The Web Framework Smackdown Questions

I'm doing my Web Frameworks Smackdown this morning at TheServerSide Conference. A few weeks ago, I asked What Would You Ask the Web Framework Experts? on Javalobby and LinkedIn. Here's a summary of those questions:

  • What is the overall performance of your framework as it compares to others?
  • How does your web framework position themselves in relation to Web Beans?
  • How easy is it to create a re-useable component in your framework? Is it as easy as sub-classing an existing component?
  • What is the key differentiating characteristic of your framework that makes it better than the rest?
  • What do you think about the various scopes introduced by Seam, e.g. conversation vs request or session? If you support these additional scopes, do you also provide some sort of concurrency control?
  • Why can't we, the Java Community, come together and adopt the best application framework and settle the web development subject?
  • What are you doing to help with developer productivity?
  • 2008 is a huge year for the mobile web. How do you help developers build great mobile web applications?
  • If you couldn't use your framework, what would you use and why?
  • How do you enable rich Ajax applications?
  • Can a developer make a change to source, and hit RELOAD in the browser to see the change? If not, why not?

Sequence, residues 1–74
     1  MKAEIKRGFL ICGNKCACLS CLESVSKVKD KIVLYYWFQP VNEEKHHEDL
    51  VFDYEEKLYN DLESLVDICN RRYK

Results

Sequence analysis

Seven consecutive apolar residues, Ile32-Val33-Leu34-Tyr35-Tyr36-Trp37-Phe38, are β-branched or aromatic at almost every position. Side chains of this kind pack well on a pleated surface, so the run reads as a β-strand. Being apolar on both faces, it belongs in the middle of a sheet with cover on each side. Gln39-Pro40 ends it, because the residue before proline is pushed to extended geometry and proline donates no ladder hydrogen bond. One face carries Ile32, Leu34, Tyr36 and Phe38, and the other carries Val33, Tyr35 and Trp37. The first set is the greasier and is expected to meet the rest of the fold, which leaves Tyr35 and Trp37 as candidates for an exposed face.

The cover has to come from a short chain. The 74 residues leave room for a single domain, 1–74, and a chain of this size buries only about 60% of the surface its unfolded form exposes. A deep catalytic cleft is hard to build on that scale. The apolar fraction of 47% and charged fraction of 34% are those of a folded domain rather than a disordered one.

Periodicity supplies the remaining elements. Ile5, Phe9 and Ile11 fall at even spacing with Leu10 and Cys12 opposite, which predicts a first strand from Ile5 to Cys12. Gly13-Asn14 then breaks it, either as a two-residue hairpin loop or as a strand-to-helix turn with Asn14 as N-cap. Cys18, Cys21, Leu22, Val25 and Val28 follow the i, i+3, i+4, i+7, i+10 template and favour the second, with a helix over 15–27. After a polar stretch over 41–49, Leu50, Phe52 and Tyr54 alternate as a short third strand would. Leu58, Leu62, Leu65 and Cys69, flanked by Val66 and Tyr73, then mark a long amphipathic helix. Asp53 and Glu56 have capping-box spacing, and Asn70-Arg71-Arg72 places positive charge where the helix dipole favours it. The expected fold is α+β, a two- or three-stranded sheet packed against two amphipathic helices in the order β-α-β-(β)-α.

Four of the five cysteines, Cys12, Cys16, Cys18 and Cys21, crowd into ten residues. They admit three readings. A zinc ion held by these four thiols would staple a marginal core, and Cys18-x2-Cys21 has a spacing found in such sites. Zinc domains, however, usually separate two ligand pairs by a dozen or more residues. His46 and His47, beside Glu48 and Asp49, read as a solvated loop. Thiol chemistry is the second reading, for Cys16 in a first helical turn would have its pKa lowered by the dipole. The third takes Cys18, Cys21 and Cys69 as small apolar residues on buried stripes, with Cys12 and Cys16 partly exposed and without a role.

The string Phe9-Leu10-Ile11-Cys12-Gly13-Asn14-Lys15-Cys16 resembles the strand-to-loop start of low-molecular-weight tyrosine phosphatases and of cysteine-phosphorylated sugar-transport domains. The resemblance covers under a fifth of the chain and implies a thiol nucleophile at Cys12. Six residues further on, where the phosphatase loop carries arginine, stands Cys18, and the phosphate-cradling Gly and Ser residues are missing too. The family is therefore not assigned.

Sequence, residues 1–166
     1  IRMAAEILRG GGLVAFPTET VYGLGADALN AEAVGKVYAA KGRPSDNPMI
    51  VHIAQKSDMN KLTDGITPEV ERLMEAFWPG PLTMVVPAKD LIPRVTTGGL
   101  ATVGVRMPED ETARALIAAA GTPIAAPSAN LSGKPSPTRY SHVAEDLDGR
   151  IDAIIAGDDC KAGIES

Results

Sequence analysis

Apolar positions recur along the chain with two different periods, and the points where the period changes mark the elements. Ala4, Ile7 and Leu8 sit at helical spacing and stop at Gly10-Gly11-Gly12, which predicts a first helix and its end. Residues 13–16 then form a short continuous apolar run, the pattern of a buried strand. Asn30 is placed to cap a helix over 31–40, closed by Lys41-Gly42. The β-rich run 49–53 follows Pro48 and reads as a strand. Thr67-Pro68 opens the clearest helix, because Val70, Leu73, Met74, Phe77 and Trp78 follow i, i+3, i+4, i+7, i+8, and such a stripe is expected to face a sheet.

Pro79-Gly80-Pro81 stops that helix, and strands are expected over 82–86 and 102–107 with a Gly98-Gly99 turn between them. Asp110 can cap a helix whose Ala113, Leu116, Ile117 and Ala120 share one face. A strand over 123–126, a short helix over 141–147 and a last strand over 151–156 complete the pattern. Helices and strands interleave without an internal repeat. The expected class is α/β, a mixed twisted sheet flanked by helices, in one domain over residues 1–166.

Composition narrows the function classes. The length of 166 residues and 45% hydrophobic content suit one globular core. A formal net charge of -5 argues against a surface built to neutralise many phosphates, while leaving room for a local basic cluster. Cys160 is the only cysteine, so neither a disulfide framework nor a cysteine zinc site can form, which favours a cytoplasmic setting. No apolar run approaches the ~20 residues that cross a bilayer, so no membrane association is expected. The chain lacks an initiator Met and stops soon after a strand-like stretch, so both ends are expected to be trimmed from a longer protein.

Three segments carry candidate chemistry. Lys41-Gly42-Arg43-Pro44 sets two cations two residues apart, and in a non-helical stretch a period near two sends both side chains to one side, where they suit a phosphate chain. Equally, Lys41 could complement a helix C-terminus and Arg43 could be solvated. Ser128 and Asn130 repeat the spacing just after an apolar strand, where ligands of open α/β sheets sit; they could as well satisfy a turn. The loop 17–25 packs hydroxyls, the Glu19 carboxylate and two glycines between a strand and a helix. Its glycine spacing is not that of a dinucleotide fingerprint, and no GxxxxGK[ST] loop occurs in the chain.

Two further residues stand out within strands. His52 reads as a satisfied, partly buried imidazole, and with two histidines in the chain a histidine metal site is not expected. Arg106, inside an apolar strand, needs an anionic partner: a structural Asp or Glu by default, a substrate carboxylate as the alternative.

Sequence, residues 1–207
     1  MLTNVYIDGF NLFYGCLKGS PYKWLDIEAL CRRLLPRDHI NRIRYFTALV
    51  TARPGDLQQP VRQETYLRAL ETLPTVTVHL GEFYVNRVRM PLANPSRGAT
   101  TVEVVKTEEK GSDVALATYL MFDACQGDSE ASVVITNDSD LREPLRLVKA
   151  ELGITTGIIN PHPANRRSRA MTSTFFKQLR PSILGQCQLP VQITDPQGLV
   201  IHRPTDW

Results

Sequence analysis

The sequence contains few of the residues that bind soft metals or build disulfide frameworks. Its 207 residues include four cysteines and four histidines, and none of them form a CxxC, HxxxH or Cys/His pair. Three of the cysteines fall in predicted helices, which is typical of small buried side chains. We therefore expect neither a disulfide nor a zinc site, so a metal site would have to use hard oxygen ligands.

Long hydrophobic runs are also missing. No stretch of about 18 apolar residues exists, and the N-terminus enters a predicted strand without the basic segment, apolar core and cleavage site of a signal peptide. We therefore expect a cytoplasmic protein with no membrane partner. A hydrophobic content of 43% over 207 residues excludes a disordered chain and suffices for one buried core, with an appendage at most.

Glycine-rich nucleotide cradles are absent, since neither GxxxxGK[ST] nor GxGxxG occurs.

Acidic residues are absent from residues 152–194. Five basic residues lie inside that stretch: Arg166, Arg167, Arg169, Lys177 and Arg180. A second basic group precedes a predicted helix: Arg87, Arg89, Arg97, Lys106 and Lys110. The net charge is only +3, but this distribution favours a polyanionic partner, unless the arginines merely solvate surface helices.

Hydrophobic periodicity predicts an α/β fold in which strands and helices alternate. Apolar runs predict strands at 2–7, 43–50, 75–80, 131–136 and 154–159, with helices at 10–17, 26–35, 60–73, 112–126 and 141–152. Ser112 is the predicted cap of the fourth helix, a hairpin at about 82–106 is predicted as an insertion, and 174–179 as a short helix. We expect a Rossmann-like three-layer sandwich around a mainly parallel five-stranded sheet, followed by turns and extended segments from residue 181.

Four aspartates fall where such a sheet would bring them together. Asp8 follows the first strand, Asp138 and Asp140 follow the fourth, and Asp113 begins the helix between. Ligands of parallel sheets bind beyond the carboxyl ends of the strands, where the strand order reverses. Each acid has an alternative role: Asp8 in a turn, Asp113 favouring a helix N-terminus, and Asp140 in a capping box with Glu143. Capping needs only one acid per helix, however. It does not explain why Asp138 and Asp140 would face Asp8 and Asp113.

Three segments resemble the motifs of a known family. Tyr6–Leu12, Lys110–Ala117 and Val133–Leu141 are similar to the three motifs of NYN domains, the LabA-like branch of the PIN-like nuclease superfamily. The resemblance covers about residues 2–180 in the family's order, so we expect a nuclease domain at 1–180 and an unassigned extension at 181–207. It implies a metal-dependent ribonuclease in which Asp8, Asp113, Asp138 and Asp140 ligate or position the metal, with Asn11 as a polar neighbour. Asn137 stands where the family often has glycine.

• What do you think about the whole Flex revolution, and do you think you are competitors to this technology?
  • How easy is it to create a module and plug it into a bigger application, complete with configuration, code, and view?

Of course, there's many more questions on the aforementioned pages, these are just some that I hope to ask during the panel. Sitting on the panel: Don Brown (Struts 2), Keith Donald (Spring MVC), Ed Burns (JSF), David Geary (GWT), Geert Bevin (RIFE/OpenLaszlo) and Justin Gehtland (Rails). I tried to get Flex and Grails folks, but they'd either left the conference already or are speaking at the same time.

Update: InfoWorld has some modest coverage of this event in Web frameworks debated at TheServerSide Java Symposium.

Posted in Java at Mar 28 2008, 10:04:02 AM MDT 14 Comments
Comments:

Wish wicket was in that list. It really feels revolutionary compared to Struts or SpringMVC (or even rails)

Posted by Ned Collyer on March 29, 2008 at 12:56 AM MDT #

Yes, I have the same question, why is Wicket not on the list? Is it because the Wicket guys are not going to be around?

Posted by Peter Thomas on March 29, 2008 at 10:19 AM MDT #

Nick Heudecker was supposed to sit on the panel and present a session on Wicket shortly after. Unfortunately, he got caught up in the American Airlines fiasco and his flight was cancelled, so he wasn't at the show. I did think it was interesting that there weren't many folks using Rails (0), Tapestry (2), Wicket (3) or GWT (0) during the smackdown. We had 100+ attendees in the room, with most using Struts 1/2 and Spring MVC.

Posted by Matt Raible on March 29, 2008 at 11:47 AM MDT #

Anyone that can represent lift?